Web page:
Though the plot gets a little silly, the relationship between Bob, Mary and Nate is completely convincing thanks to the outstanding performances of Mr. McNichols Jr., Ms. Crump and Mr. Morgans, respectively. Their voices are ascendant; they master both the height and width necessary for composer Still’s score.

Unlike Mr. Still’s composition, however, Down in the Valley is an unearthed work that should go back into Mr. Weill’s trunk. Startlingly similar in plot to Oklahoma!, which was written a couple of years prior, Down in the Valley doesn’t benefit from the tunes of Rodgers and Hammerstein. Mr. Weill, who is no stranger to a great melody, instead uses American folk songs here, albeit with unconventional arrangements. In addition to the famous song in the title, “Down in the Valley”, Mr. Weill also interpolates the traditional folk songs “The Lonesome Dove”, “The Little Black Train”, “Hop Up, My Ladies”, etc.

The ensemble in Down in the Valley / American One Acts, a double bill, little OPERA theatre of ny, 2023. Photo: Tina Buckman.

We know from the opening strains of the minor key chosen for the melody of “Down in the Valley”, that something terrible is going to happen. Even when the chorus switches into the well-known major key of the song, the orchestra remains threatening with its dissonance. We’re introduced to Brack Weaver (baritone Kyle Oliver) who is awaiting execution for the murder of Thomas Bouché (bass-baritone Andrew Richardson.) He sings of his love for Jennie Parsons (mezzo Sarah Nelson Craft) and escapes to reunite with her.

From this point forward the show invokes déjà vu, although we instantly know why. Brack and Jennie reminisce about how they fell in love while going to a country dance. We then see in a flashback how a jealous Bouché starts a fight and Brack winds up stabbing him to death. Yes, “poor Jud is dead”, and Brack winds up on death row. Not a Broadway musical ending, but the derivative plot by librettist Arnold Sundgaard and the pastiche score by Mr. Weill don’t offer anything that we haven’t seen or heard before.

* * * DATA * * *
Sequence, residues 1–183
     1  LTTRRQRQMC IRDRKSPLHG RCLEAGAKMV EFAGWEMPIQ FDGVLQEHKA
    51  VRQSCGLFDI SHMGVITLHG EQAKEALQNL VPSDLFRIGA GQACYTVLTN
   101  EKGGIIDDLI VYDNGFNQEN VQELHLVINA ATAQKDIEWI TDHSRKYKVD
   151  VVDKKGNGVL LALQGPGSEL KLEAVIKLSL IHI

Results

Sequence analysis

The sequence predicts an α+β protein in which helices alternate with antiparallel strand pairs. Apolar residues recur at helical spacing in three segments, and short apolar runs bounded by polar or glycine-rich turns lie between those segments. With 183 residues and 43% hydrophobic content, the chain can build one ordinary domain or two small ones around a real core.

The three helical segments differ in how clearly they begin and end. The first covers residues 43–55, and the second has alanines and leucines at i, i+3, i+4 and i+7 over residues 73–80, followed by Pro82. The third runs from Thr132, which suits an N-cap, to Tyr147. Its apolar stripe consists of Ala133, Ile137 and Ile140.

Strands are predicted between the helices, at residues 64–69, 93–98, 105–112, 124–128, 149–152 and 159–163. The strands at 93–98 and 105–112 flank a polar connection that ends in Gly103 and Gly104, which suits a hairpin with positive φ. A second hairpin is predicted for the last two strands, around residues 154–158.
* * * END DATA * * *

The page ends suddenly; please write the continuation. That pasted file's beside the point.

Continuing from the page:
Mr. Oliver is asked to hit a few high notes but his voice is efficacious when it remains in the baritone lane. Ms. Craft’s creamy mezzo, on the other hand, is right where it belongs, and she is touching as she sings of Mary’s yearning and heartbreak.

Mr. Richardson is quite good as Bouché, his voice perfect for the loud and boisterous villain. Baritone Ron Lloyd, who has a strong cameo as the Sheriff in Highway 1, U.S.A, is equally impressive here in the larger role as Jennie’s Father.

Bouché (Andrew Richardson) fighting Brack (Kyle Oliver) in Down in the Valley / American One Acts, a double bill, little OPERA theatre of ny, 2023. Photo: Tina Buckman.

Performed in true repertory fashion, the entire cast appears in both halves of the double bill. The principals and the ensemble change places, however, and the result is that the chorus in both shows has a powerful presence (except for when they’re called upon to perform some anemic and under-rehearsed choreography.) Down in the Valley showcases the chorus best in the gospel tune “The Little Black Train” (with a knockout solo by Karmesha Peake,) and in the final reprise of the title song: as Brack walks toward his execution and “into the light”, the chorus sounds heavenly.

In both operas, the string section struggled a little with uncertain pitch on some entrances, but overall the seasoned baton of eminent maestro Gregory Hopkins was in command of the twenty-two piece orchestra.